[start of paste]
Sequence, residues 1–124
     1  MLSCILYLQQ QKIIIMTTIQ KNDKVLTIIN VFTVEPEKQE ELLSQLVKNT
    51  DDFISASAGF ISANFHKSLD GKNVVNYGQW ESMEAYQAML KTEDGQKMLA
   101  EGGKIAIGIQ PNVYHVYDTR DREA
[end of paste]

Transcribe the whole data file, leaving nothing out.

Sequence, residues 1–124
     1  MLSCILYLQQ QKIIIMTTIQ KNDKVLTIIN VFTVEPEKQE ELLSQLVKNT
    51  DDFISASAGF ISANFHKSLD GKNVVNYGQW ESMEAYQAML KTEDGQKMLA
   101  EGGKIAIGIQ PNVYHVYDTR DREA